Independent Administration of Estates in Louisiana
(Rabalais Estate Planning, LLC News Email 10/19/20) When someone dies in Louisiana with assets titled in their name, a court-supervised judicial proceeding called a Succession (also known as "probate") is required to transfer assets from the name of the deceased to the names of the heirs. Often, an administration is necessary when someone needs to manage assets and other estate matters during the months or years while the Succession is taking place.
The court proceeding is typically easier to handle if the Succession representative can act under the Louisiana Independent Administration of Estates procedures. If the Succession Representative is "Independent," then he or she can take many actions as executor (when a Will existed) or an administrator (when no Will existed) without as much prior judicial oversight.
The most common way for an executor to qualify as an independent executor is when the testament provides for it. The last will and testament may have a provision that reads something similar to, "My executor may act as an independent executor."
If a Last Will appoints an executor but fails to provide for independent administration, or if the Last Will fails to designate an executor, then all of the general or universal legatees may collectively designate a qualified person to serve as independent executor. A "particular legatee" does not have to give consent. Someone who receives a bequest like, "I leave $5,000 to X" is the recipient of a particular legacy. A disposition of all or a portion of the balance of the estate would be either a general or universal legacy, and the recipients of those legacies can collectively designate an independent executor.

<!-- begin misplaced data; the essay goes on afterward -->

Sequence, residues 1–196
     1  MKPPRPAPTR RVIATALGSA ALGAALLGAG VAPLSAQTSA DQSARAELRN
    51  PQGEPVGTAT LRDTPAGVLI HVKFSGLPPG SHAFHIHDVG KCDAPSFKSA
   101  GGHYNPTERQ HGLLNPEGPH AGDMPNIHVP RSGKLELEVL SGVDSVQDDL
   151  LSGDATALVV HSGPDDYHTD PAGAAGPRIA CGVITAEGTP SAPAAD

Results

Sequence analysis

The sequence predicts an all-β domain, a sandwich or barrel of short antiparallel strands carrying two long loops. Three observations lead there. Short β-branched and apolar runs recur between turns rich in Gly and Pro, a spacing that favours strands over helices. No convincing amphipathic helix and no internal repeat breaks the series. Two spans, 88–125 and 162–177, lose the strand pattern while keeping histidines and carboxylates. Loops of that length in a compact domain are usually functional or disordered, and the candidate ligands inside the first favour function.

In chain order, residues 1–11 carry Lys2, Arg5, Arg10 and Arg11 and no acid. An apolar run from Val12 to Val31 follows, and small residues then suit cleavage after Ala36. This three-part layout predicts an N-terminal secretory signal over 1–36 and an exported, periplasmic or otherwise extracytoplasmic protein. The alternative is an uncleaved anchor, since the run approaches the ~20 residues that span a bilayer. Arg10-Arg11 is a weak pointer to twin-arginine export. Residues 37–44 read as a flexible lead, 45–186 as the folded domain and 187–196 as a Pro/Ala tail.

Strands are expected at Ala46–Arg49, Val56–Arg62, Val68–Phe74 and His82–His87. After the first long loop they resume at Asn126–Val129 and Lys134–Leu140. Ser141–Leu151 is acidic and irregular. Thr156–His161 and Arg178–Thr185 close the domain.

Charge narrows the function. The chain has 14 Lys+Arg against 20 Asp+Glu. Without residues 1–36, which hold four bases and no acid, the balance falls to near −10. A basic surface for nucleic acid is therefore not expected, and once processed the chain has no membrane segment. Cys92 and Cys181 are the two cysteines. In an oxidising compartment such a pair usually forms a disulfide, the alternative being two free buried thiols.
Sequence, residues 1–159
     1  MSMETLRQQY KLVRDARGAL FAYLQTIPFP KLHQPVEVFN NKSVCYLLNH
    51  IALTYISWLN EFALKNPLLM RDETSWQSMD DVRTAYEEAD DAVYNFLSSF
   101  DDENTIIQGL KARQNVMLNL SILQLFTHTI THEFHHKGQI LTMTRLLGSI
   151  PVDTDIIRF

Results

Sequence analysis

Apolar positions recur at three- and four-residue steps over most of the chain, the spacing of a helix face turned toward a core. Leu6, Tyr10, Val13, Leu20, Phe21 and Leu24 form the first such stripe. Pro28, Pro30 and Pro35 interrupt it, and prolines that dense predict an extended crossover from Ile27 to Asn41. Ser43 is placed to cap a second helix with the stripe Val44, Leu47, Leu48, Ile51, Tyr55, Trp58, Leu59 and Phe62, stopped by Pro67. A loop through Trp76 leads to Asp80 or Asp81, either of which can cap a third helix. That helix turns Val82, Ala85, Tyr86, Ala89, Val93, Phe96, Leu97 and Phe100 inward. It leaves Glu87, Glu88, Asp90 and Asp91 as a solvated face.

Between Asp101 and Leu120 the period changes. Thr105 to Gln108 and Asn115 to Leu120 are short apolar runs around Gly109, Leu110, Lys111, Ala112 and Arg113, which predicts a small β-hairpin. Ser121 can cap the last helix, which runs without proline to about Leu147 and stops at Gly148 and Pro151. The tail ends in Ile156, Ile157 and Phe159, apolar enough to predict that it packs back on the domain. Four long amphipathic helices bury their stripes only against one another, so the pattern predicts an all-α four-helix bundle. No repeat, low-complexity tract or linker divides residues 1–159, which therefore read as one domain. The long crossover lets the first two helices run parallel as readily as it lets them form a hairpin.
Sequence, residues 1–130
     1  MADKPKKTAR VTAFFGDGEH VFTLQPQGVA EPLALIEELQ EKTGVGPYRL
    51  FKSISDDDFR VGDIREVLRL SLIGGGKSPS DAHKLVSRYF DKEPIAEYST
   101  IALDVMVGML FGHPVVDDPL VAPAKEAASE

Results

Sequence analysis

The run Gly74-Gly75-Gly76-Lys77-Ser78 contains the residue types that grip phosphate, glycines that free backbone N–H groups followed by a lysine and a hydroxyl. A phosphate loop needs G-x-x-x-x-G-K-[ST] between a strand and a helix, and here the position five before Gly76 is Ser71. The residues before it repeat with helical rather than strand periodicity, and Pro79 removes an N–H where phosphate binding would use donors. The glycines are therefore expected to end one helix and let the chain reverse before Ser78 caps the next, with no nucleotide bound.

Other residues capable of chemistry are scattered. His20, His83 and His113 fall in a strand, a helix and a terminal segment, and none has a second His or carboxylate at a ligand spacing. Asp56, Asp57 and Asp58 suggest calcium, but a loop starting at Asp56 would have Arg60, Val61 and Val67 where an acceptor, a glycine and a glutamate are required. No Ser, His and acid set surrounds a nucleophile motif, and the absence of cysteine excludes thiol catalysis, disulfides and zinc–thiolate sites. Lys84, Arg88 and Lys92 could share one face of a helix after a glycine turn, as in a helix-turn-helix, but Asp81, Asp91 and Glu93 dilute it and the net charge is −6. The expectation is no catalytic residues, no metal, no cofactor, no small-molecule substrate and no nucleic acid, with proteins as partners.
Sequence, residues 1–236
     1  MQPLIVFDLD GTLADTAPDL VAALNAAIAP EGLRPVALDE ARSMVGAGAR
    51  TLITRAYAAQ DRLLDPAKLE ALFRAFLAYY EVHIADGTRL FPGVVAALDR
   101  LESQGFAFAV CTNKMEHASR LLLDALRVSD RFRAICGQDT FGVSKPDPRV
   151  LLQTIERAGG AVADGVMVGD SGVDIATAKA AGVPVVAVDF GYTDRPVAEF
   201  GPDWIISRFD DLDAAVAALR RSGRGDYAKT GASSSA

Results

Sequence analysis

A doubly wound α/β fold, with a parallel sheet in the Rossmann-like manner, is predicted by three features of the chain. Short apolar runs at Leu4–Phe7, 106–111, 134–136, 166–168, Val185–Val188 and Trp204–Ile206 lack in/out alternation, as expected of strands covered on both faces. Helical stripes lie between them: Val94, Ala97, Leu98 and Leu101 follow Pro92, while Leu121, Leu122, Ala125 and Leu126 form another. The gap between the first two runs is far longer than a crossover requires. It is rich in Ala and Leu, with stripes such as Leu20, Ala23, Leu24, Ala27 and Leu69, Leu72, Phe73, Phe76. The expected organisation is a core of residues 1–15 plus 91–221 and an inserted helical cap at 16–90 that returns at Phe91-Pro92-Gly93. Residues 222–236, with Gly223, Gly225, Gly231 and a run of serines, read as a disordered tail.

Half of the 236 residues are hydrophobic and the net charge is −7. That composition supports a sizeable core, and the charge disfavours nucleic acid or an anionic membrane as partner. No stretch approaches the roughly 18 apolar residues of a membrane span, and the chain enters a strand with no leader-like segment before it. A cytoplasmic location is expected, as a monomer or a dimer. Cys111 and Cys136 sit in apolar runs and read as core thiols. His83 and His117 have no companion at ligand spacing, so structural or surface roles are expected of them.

If someone dies without a Last Will, then all of the intestate successors may collectively designate an independent administrator.
Consult with your estate attorney if you have a situation where someone left part of an estate to a trust, a minor, in usufruct, or if an heir/successor dies before having the opportunity to participate in the designation.
Once an executor is confirmed as an independent executor by the appropriate judge, the court will issue "Letters of Independent Executorship" to let third parties know that an independent executor has been confirmed and that this person has the powers of an independent executor. When an independent administrator has been appointed in an intestate Succession, the court issues Letters of Independent Administration.
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